Drivers raging about NASCAR's repaved...

Drivers raging about NASCAR's repaved tracks

There are 7 comments on the CNN story from Oct 10, 2013, titled Drivers raging about NASCAR's repaved tracks. In it, CNN reports that:

Pat Warren brought a chunk of asphalt into the media center at Kansas Speedway last year and dropped it onto a table with a thud that seemed to reverberate throughout the room.

Join the discussion below, or Read more at CNN.

Hilton Head

Southwest Brevard Cnty, FL

#1 Oct 10, 2013
Good thing these drivers weren't running shine back in the day. Those boys didn't care if the road was full of craters or smoothe as baby's butt, they just went out and got the job done.
WHOYAKIDDING

Raleigh, NC

#2 Oct 10, 2013
Hilton Head wrote:
Good thing these drivers weren't running shine back in the day. Those boys didn't care if the road was full of craters or smoothe as baby's butt, they just went out and got the job done.
Yes Sir and they didn't whine about the tires.
SixTime2013

Avondale, AZ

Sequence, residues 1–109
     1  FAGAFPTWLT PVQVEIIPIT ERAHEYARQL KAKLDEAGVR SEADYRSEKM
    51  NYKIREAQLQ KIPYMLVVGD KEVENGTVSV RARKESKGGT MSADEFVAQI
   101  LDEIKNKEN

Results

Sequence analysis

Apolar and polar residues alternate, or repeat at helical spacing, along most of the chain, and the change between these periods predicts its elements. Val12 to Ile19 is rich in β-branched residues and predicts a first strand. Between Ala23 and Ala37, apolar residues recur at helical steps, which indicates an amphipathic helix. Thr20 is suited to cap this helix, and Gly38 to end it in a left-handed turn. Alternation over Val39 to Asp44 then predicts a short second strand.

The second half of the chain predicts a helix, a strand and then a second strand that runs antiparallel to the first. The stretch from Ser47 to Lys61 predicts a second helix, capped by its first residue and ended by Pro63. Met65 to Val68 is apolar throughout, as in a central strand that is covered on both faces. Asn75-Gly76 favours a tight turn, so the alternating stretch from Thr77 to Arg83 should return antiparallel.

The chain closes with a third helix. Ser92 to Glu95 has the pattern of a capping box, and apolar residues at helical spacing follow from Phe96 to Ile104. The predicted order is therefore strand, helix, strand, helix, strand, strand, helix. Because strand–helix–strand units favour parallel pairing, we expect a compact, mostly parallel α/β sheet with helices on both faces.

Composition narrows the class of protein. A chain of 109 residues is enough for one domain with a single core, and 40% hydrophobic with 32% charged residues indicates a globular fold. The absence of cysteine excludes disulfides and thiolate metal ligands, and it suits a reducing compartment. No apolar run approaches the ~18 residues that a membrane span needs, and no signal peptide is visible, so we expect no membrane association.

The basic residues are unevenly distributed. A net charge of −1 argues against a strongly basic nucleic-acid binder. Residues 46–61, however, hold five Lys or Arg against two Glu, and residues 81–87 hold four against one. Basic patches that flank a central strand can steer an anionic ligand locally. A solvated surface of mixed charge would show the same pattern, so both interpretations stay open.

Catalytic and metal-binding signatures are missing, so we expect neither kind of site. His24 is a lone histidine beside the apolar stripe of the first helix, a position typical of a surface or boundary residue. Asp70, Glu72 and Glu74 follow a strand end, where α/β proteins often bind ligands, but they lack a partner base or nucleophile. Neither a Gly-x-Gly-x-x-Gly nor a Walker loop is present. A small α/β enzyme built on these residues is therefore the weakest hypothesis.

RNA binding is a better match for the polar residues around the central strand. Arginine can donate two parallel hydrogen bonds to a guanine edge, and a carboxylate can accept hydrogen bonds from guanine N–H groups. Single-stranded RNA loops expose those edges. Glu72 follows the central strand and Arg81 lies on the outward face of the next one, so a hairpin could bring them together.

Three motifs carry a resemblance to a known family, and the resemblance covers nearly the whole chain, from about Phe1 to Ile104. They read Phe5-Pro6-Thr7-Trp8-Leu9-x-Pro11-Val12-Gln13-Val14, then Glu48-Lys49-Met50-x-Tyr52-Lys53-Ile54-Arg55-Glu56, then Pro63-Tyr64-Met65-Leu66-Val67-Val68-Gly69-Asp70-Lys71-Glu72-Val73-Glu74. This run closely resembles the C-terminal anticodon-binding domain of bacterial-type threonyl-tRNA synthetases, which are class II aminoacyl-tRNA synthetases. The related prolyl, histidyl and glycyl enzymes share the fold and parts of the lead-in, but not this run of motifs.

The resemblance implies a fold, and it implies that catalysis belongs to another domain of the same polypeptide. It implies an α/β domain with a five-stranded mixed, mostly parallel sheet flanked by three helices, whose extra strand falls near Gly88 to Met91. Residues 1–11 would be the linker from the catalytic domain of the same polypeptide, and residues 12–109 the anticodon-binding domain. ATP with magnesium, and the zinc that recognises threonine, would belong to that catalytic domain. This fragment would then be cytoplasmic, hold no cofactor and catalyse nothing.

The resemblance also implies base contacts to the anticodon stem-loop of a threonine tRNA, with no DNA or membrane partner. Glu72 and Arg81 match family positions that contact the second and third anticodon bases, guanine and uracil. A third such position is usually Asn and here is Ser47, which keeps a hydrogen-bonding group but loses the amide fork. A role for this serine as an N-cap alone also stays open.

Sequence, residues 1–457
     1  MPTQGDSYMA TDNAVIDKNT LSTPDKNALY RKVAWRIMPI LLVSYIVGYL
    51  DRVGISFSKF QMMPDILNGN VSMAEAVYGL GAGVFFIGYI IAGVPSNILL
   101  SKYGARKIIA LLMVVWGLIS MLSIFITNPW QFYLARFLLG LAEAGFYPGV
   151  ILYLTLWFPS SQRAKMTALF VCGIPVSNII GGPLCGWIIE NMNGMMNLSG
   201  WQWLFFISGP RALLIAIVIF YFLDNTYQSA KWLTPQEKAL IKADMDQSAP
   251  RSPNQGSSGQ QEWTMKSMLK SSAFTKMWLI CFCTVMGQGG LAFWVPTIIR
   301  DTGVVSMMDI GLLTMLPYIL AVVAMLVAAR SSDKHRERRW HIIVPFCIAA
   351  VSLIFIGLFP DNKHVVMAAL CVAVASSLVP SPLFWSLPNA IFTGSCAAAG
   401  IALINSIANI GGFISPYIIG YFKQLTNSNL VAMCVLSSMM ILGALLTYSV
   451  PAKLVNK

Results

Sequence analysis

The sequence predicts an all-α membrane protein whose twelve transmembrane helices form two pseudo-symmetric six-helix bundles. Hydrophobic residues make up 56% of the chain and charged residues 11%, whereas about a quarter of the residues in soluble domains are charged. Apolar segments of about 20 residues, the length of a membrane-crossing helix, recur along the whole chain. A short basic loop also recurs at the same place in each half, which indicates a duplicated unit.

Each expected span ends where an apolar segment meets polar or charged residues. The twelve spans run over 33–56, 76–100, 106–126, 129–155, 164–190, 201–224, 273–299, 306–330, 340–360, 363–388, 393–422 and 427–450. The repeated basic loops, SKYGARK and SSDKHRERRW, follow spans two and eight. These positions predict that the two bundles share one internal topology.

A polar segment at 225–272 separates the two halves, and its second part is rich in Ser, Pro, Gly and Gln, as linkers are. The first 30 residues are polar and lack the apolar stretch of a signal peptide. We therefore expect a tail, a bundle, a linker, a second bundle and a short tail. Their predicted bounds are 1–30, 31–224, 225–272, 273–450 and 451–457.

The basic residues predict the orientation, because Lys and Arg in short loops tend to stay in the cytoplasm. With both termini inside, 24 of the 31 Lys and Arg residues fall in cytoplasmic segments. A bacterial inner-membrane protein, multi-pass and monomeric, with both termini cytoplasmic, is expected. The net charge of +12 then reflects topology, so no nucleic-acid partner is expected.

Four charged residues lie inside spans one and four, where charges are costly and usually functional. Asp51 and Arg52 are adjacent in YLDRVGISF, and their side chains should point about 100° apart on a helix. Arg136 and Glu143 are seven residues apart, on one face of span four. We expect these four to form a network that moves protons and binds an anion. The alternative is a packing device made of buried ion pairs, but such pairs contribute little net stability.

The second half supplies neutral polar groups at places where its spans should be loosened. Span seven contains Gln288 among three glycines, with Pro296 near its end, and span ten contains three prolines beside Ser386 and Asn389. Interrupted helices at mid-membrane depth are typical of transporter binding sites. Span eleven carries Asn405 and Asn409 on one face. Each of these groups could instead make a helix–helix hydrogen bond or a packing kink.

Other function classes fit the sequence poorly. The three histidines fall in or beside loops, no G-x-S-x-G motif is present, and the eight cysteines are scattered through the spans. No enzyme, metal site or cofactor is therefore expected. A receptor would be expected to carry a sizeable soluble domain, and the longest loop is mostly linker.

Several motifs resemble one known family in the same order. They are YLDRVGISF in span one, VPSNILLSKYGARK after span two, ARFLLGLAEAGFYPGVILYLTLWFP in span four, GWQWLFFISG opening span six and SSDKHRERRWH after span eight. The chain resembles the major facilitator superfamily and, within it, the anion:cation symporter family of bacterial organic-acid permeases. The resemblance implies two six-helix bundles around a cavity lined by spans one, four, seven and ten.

#3 Oct 10, 2013
In all of professional sports, NASCAR drivers definitely whine and cry more than any athlete.
WHOYAKIDDING

Raleigh, NC

#4 Oct 14, 2013
SixTime2013 wrote:
In all of professional sports, NASCAR drivers definitely whine and cry more than any athlete.
I don't know, maybe they are second behind the MLB, what a bunch wussies.
Phx

Avondale, AZ

#5 Oct 14, 2013
WHOYAKIDDING wrote:
<quoted text>I don't know, maybe they are second behind the MLB, what a bunch wussies.
Very true
Bubba

East Syracuse, NY

#6 Oct 18, 2013
and competition cautions at almost every race , what crap ...

Since: Sep 12

Jackson

#7 Oct 18, 2013
NASCAR drivers aren't shine runners trying to lose cops on country roads, though. They're race car drivers trying to race. Shine runners didn't have the luxury of complaining about poor road conditions and demanding that they be fixed, but had to deal with what they had because it's just how it was. Shine-running wasn't a professional, regulated sport.

Pot holes in the middle of a track aren't an added challenge for drivers. They're a safety hazard. If you're driving down a city street at 25 MPH and hit a pot hole, you mutter a curse word and go on. If you hit it at 180 MPH on a race track with forty other cars, you could have a fifteen-car pile-up and opportunity for driver injury or even spectator injury. Injuries and deaths aren't supposed to happen, and we do what we can to keep it from happening.

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